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Water Ritual at Delphi
GroupingLegendary creature
Sub groupingWater spirit

Castalia /kəˈstliə/ (Ancient Greek: Κασταλία, romanizedKastalia), in ancient Greek and Roman literature,[1] was the name of a spring near Delphi, sacred to the Muses; it is also known as the Castalian Spring. It is said to have derived its name from Castalia, a naiad-nymph, daughter of the river-god Achelous, who is said to have flung herself into the spring when pursued by the god Apollo.[2]


In older traditions, the Castalian Spring already existed by the time Apollo came to Delphi searching for Python.[3] According to some, the water was a gift to Castalia from the river Cephisus.

In his commentary on Statius's Thebaid, Latin poet Lactantius Placidus says that to escape Apollo's amorous advances, Castalia transformed herself into a fountain at Delphi, at the base of Mount Parnassus, or at Mount Helicon.[4][5] She inspired the genius of poetry to those who drank her waters or listened to their quiet sound; the sacred water was also used to clean the Delphian temples. Apollo consecrated Castalia to the Muses (Castaliae Musae).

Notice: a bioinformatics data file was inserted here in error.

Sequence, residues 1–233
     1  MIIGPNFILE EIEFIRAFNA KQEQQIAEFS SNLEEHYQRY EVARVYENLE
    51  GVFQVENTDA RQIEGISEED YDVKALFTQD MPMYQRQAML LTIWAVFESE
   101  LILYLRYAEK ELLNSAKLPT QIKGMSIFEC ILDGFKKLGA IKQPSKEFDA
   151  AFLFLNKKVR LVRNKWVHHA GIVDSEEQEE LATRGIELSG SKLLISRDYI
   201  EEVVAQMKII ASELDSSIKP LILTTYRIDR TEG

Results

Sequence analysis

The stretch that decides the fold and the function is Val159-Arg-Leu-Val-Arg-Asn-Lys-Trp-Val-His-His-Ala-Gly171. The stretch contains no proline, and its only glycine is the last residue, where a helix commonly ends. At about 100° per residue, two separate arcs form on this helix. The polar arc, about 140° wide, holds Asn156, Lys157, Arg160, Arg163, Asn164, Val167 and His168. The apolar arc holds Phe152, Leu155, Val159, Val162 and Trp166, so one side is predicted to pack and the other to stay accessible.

The 20th-century German writer Hermann Hesse used Castalia as inspiration for the name of the futuristic fictional utopia in his 1943 magnum opus The Glass Bead Game. Castalia is home to an austere order of intellectuals with a twofold mission: to run boarding schools for boys, and to nurture and play the Glass Bead Game.

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  1. ^ The spring is mentioned in Herodotus, 8.39; Pindar, Pyth. 1.39; Virgil, Georgics 3.293; Horace, Odes 3.4.61; Statius, Thebaid 1.698 and elsewhere: see Liddell, Scott, Jones Greek Lexicon s.v. Κασταλία; Lewis and Short, Latin Dictionary, s.v. Castalia.
  2. ^ Smith, W. (1858). Classical Dictionary, s.v. Castalia.
  3. ^ Homer, Hymn to Apollo
  4. ^ "Castalia". Encyclopædia Britannica.
  5. ^ Lactantius Placidus, On Statius's Thebaid 1.698

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